The sanctions placed on DPRK have had a heavy toll on the North Korean economy, however due to non-compliance from several countries, North Korea still manage to illicitly source funding from overseas work. Although Cambodia has been a member state since 1955, the UN PoE have investigated North Koreans within their borders past the repatriation cut off in 2019. However in positive news, it now seems that the Cambodian authorities have requested that, due to UN Sanctions, Nam close the restaurant … we will of course keep a close eye on this to see if she complies!

Nam’s next venture

So what next for Nam and her daughter, will they return to the DPRK or remain in Cambodia and look to open another restaurant or other enterprises to earn revenue for the DPRK Regime? From our research, it appears Nam started a side business that sells fashion, sourced from Hong Kong. So even if the restaurant does appear closed, has she continued her side business too?! If anyone can get in contact with us at Pyongyang Papers about this shop, possibly located by the old Restaurant, we would be very interested in hearing from you.

Pyongyang Papers will continue looking in to the North Korean Restaurant industry and would like to uncover more truths around how they operate overseas. Any information you can share, please do get in contact.

June 24, 2022 was a day of significance as it marks the 48th anniversary of diplomatic ties between the DPRK and The Lao People’s Democratic Republic. The friendship and cooperation between the two countries was forged and deepened through historic summits of 1965 and 1970 between Kim Il Sung and leader of Lao people- Kaysone Phomvihane. Today, the DPRK government remain unchanged in their resolve to develop the relations of ‘friendship’ with Laos.

Pyongyang Papers asks the question, “does DPRK need Laos more than Laos needs DPRK?” We would suggest that the DPRK only need Laos as a money generator for the regime and therefore have no problem severing any ties if they do not get what they want i.e. money. So, is this true friendship?

North Korean restaurants in Laos

With easing of COVID-19 travel restrictions in Asia, people have been able to travel again. The backpacker trail is opening up with travelers seeking out new experiences.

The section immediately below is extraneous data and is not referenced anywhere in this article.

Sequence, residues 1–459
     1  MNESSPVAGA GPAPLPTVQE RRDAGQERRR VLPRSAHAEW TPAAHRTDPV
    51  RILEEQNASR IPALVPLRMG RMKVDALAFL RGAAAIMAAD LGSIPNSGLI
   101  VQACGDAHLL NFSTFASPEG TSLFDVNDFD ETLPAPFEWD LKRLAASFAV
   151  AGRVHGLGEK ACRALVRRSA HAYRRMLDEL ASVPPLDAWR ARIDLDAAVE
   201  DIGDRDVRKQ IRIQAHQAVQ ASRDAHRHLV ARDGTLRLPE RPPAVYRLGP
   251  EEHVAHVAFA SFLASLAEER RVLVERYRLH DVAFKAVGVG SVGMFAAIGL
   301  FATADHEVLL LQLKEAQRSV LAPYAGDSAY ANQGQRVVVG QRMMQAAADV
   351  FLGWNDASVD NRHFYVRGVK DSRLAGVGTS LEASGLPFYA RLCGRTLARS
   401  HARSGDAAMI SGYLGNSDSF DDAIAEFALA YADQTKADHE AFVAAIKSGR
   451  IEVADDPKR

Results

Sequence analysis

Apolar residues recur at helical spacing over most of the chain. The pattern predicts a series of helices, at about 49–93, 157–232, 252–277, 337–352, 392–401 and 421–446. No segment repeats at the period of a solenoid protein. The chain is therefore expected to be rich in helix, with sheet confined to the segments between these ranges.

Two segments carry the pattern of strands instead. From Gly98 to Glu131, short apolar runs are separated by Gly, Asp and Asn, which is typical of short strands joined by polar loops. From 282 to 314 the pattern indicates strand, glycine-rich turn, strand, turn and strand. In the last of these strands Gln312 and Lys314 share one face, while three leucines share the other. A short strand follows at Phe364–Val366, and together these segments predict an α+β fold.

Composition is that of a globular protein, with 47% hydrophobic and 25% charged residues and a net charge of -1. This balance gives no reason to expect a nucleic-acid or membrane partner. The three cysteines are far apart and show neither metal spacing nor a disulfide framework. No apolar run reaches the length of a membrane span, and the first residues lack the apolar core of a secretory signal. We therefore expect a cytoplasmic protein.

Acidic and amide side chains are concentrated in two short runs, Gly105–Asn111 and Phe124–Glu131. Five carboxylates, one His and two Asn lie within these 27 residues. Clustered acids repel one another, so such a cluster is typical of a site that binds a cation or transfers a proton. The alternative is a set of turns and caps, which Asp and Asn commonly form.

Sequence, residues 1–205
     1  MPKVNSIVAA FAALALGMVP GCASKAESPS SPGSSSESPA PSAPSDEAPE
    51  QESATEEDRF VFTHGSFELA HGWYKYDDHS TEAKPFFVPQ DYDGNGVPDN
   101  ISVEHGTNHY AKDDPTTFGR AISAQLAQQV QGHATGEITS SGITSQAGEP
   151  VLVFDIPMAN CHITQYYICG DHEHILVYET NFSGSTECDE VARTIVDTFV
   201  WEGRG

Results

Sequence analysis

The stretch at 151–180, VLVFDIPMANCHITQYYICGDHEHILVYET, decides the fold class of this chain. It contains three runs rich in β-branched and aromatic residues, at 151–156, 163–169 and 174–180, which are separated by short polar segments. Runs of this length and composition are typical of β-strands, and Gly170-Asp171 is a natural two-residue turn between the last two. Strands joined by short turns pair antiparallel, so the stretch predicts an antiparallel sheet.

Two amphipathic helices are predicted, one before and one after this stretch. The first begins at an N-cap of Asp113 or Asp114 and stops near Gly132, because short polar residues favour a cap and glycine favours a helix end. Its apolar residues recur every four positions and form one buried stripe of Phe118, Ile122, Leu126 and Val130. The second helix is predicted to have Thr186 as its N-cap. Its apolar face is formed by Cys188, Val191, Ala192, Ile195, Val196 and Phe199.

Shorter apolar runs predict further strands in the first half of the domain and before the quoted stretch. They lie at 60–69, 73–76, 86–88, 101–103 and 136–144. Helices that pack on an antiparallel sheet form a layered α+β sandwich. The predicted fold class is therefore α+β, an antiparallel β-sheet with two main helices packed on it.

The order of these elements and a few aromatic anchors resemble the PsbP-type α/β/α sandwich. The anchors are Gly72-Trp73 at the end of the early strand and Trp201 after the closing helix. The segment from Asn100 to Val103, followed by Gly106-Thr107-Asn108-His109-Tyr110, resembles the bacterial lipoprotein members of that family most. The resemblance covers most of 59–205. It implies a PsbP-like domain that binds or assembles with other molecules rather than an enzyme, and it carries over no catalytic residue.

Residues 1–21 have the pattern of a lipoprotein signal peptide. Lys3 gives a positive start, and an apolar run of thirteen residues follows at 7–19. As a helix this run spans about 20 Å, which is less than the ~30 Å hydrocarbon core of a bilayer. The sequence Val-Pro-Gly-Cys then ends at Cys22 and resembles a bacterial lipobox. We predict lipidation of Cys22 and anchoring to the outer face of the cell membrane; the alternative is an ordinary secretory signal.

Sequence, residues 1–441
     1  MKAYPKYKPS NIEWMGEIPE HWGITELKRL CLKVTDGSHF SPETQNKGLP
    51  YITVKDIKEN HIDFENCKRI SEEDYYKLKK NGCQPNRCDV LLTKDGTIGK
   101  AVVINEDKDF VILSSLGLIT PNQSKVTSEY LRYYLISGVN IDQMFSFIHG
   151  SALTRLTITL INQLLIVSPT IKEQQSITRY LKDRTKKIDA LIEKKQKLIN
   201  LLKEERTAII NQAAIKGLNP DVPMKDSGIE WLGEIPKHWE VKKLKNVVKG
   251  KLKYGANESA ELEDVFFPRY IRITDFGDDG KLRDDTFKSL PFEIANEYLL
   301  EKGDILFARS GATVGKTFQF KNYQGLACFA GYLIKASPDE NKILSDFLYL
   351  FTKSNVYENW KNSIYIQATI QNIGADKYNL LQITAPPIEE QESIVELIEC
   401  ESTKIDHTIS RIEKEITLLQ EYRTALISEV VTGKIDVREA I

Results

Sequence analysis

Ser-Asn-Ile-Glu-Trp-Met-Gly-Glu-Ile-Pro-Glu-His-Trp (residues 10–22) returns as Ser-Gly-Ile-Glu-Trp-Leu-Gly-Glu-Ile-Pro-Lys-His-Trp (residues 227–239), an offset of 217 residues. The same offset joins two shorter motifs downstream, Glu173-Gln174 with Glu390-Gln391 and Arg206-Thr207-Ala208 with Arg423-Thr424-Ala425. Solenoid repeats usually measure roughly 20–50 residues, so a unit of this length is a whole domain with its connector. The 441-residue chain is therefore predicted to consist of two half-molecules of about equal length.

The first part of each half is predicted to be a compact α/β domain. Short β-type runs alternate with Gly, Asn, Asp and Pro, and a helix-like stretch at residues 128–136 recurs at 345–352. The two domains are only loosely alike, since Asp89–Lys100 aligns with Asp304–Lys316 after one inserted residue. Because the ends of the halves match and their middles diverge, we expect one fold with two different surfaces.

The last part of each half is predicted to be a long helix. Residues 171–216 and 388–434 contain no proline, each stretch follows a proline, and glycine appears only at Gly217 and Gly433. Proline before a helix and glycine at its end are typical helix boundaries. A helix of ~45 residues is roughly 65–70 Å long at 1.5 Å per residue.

Pyongyang Papers has been tipped off by a backpacker that restaurants in Laos are still operating using North Korean workers. Despite UN Security Council resolution 2397 requiring all Member States to repatriate, by December 22, 2019.

All North Korean entities (including restaurants) are supposed to have been closed down under UN sanctions which prevent North Korea from having overseas workers. It is well documented that North Korea exploit their citizens by sending them abroad to earn foreign currency which is then sent back to the hermit state. These restaurants are another example of this, and the money is certainly not for the good of the impoverished, starving people but more likely end up funding weapons of mass destruction.

Our backpacker found a very unusual dining option in Vientiane, 원언니식당 (Won Onni Sikdang) – which translates to Big Sister Won’s restaurant. This restaurant, conveniently located close to the DPRK Embassy in Vientiane, doesn’t offer Laos cuisine, but instead seems to be a North Korean restaurant and has multiple 5-star reviews on Google.

Google reviews of “Big Sister Won” restaurant confirm the restaurant has been operating in 2022.

So what’s in it for the DPRK regime? Sources confirm that the North Korean restaurant menu requests payment in US dollars and not Laotian Kip. This is another way that the DPRK can seek to launder its ill-gotten gains, and a source of foreign currency for the regime. We don’t believe that this is just a business set up by an enterprising North Korean expatriate. Any North Korean restaurant will certainly have to pay a retainer or fee to the DPRK embassy in Laos just in order to operate, which is forwarded onto the DPRK regime.

According to the 2022 UN Panel of Experts report, Big Sister Won’s restaurant is not the only North Korean restaurant believed to still be in operation in Laos. The UN report details four North Korean restaurants and one night market, including their locations and images, which appear to have continued to operate “even after the applicable measures towards the closure of the restaurants and repatriation were taken by the Laotian authorities in 2020”. This is a direct violation of the December 2019 United Nations Security Council Resolution (UNSCR) 2397.

Kumkangsan Restaurant

The UN report however does not mention Big Sister Won’s restaurant, it seems this one may have slipped under the radar somehow. Our sources have informed us of another North Korean restaurant in Vientiane; Kumkangsan Restaurant (ອາຫານ ຄຶ່ມກ່າງຊານ) on Asean Road, Sisavath Village, Vientiane. The Kumkangsan restaurant seems to have a shop attached- we wonder what they sell?

Social media post confirm Kumkangsan restaurant is in operation as of May 2022.

The latest UN Panel of Experts report states that Laotian authorities took action against the North Korean restaurants in 2020 but our investigation proves that more needs to be done to stop the regimes illicit activity in Laos. Pyongyang Papers is still investigating DPRK run restaurants in Laos and would like to hear from you if you have any further information on the entities named in this article or any other individuals and entities helping the North Korean regime avoid sanctions so that we can investigate further.